I ran a lot of tests using this initially, here’s what I found:

  1. every MOV operation is one cycle. In fact, any operation that does not access external memory or peripherals completes in a single cycle i.e. 5ns. This is by design.
  2. LBCO and SBCO instructions with byte count 4 take 2 cycles. The way I hypothesize is that 1 cycle is spent to generate the address by adding the offset to it and then the actual data transfer operation takes 1 cycle per 32 bits transferred, thus O(n) time. Therefore the SBCO example in the previous section should take 9 cycles to complete (1+32/4), assuming there is no bus stall while writing the data to the memory.

We will use this information to help us with the timings needed for sampling.

Enhanced GPI/GPO feature

The PRU has an enhanced GPIO that operates at 200 MHz2 and it implements a “Direct Input” GPI mode. What it means that whatever be the pin value at the PRU inputs at the sampling instant will be captured whenever register R31 of the PRU is read. So, to sample first 8 bits of R31 into the register file, we can use the following PRU assembly code: (edited for more clarity, referring issue #9 on GitHub) The first line of the snippet below shows how one can sample the lowest 8 bits of R31 which is connected to the PRU input pins. The entire snippet shows how to make 5 samples of the input pins and store them into successive registers.

MOV R10.b0, R31.b0
MOV R10.b1, R31.b0
MOV R10.b2, R31.b0
MOV R10.b3, R31.b0
MOV R11.b0, R31.b0


  1. We can and pack up to 4 samples into a single 32-bit register using the PRU assembly instruction (Rn.bx refers to the x’th byte in the register – each register is 4 bytes).
  2. You might ask, why sample to the registers, and why not store this data in the 8 KB SRAM, or the 12 KB shared RAM, or even the DDR RAM?
    • From the previous sections, we see that every SBCO would take 2 cycles but register access is just 1 cycle, so we can achieve higher sampling rates.
    • While accessing the DDR RAM there is a very low but finite probability of bus conflicts while data is being written, and having such an instruction within the real-time sampling loop has the potential to compromise the sampling operation. So we would like to separate both of them.
  3. Right now, we’ve only stored data in the registers, and there isn’t enough space to store all samples in the registers. So we need to somehow get the data out of there.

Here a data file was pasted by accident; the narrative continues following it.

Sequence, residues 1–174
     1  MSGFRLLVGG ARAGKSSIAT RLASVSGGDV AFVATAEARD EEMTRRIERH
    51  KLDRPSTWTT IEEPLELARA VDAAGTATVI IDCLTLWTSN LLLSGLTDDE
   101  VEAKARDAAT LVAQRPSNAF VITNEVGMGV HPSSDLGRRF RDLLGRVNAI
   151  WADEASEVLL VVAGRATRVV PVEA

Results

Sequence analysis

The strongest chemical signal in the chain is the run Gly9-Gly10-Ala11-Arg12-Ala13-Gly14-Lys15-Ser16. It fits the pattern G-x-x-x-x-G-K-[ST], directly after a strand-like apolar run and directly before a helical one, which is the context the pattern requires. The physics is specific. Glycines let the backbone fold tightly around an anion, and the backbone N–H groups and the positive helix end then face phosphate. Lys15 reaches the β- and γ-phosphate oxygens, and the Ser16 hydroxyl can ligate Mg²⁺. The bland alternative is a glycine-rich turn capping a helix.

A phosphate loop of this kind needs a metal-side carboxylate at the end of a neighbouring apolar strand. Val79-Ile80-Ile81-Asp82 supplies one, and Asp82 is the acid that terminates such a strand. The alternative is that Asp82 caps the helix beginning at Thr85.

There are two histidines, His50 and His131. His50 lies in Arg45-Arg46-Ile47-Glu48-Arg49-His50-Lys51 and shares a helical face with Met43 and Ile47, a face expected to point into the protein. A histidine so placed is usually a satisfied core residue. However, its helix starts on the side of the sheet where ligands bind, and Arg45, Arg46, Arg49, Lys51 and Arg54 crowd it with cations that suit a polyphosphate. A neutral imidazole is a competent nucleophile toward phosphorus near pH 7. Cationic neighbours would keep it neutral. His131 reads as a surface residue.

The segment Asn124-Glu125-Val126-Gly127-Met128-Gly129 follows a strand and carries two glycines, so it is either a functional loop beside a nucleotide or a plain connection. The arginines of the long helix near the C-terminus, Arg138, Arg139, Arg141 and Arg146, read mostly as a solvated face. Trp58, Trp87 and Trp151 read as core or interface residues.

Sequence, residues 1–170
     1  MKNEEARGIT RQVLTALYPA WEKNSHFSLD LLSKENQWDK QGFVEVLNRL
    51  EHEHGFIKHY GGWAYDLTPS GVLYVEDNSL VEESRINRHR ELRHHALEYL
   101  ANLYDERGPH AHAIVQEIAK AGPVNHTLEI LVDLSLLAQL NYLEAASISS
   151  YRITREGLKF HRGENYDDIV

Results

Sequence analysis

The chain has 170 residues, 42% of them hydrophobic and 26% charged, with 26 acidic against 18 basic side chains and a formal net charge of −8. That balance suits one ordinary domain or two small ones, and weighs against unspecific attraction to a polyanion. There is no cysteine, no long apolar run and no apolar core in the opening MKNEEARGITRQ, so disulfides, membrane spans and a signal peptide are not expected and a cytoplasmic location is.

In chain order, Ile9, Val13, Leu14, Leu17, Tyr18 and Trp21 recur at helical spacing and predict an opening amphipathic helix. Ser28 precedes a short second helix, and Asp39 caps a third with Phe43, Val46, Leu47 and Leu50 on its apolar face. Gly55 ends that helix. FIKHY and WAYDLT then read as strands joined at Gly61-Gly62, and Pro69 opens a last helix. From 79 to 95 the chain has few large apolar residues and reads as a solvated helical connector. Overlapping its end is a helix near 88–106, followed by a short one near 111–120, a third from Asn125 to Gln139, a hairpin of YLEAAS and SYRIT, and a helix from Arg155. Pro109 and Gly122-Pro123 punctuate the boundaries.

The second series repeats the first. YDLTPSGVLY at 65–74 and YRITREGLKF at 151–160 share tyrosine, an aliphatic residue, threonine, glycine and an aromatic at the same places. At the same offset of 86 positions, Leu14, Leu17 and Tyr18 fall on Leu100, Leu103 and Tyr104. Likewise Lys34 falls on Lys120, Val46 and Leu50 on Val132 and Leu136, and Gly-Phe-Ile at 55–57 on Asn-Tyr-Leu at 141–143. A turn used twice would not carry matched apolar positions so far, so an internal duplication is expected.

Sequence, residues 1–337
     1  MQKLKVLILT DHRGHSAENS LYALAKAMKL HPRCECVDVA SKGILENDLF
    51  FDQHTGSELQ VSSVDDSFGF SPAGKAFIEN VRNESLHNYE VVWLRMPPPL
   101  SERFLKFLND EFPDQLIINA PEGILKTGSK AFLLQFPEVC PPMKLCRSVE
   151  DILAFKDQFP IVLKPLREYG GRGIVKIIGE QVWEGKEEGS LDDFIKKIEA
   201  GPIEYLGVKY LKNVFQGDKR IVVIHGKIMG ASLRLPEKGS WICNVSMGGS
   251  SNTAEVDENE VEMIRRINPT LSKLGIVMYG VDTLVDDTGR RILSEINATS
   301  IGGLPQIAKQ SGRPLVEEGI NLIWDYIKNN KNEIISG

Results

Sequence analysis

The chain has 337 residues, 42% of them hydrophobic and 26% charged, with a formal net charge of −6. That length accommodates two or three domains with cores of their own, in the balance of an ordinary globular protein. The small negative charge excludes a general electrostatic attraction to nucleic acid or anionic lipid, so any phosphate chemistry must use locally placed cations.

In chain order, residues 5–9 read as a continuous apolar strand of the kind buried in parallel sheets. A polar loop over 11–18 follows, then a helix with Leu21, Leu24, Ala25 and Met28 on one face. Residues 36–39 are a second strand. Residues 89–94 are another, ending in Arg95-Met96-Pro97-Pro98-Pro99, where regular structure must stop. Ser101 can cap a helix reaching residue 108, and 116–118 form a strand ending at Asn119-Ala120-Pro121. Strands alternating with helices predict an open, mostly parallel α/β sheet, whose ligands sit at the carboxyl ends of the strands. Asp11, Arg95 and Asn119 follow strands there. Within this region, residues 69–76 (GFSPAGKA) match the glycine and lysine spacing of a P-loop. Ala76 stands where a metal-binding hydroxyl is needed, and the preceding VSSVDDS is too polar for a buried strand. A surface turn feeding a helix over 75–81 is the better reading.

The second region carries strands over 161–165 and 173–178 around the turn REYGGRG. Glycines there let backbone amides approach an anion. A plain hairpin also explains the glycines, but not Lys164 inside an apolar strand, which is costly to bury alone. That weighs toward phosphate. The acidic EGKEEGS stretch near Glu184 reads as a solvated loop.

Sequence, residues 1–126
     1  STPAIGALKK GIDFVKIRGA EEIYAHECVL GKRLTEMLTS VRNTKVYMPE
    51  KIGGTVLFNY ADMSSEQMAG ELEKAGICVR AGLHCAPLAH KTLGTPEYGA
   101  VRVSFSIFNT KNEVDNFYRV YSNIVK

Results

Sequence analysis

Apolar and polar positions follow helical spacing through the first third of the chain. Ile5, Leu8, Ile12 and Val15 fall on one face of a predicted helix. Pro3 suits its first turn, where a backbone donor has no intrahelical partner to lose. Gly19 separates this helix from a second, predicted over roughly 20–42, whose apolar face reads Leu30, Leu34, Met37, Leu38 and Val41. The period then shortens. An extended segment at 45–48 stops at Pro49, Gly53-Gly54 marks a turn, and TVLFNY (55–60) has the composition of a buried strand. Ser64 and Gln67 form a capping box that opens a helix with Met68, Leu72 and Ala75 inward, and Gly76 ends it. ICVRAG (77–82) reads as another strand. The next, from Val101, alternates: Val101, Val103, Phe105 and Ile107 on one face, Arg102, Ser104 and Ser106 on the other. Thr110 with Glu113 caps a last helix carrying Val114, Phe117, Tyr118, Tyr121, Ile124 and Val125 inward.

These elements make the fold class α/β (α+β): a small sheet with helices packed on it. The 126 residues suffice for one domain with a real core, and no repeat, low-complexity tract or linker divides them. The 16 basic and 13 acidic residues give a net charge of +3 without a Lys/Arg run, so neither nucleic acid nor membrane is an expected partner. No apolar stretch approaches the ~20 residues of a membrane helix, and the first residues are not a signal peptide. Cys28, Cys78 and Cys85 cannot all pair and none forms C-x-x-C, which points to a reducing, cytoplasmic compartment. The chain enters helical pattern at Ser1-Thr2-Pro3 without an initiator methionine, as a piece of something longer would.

The PRU0/1 Scratchpad and the XIN/XOUT instructions

​I remember initially reading this section in the PRU reference manual with skepticism and was disappointed to find scarce resources and/or example applications in the early phase of my GSoC period. But this turned out to be one of the important links in the puzzle.

​Apart from the 30 registers in the two PRUs (R30 and R31 are connected to the GPO / GPI respectively), there’s also 30×3 independent register banks available as a scratchpad; and this is connected to the registers on both the PRUs using a “broadside interface”. Broadside means that all 30 registers are connected, and all of them can be moved in parallel. This means that in a single clock cycle one can copy or swap all 30 registers of a PRU with one of these 3 banks.

Here’s an example [syntax:: XOUT <bank_id>, &Rn, count]:

// On PRU1
XOUT 10, &R16, 32  // Copies R16-R23 into Bank0 (Bank0 = 10)

// On PRU0 - after XOUT has executed on PRU1
XIN 10, &R16, 32   // Reads R16-R23 from Bank0 into PRU0

This ability of moving bytes across the PRU barrier is crucial for BeagleLogic as it means that:

  1. We can cleanly separate pin sampling (handled by PRU1) and data transfer (handled by PRU0).
  2. Since pin sampling operates only on registers, it is effectively shielded from bus latencies.
  3. Because register manipulation is cycle accurate we can design delay loops in PRU1 to give us a programmable sample rate, independent of PRU0 operation.
  4. PRU0 can now directly push data into the 512 MB(!) of DDR memory directly giving BeagleLogic a buffer capacity so large at this price point. Note that due to packing the samples into 32 bit words the number of write transactions is cut down by a factor of 1/4th (8 bit samples) or half (16-bit samples) as compared to the sample rate, giving us cycles to spare. [The actual PRU firmware of BeagleLogic writes 32 bytes at a time into the DDR memory.]

Inter-PRU signaling

The final piece in the puzzle for a basic implementation is to have a way so that PRU1 can signal PRU0 that it has pushed data into Bank0 using XOUT, and that it can take data in using XIN and write it to the DDR memory.​ Interrupts. By configuring the mapping appropriately in the PRU interrupt controller (PINTC) one can send a signal to the other PRU by writing a value into the R31 register which triggers an interrupt (note we generally read from R31, not write). Similarly by waiting on bit 30 of R30 to be set, one can know from the other PRU when an interrupt has occurred. The interrupt configuration and mapping is in general handled by the library (libprussdrv) or the pru_remoteproc kernel driver, we just assume within the PRU that everything is already configured for us and is working.

​Putting it all together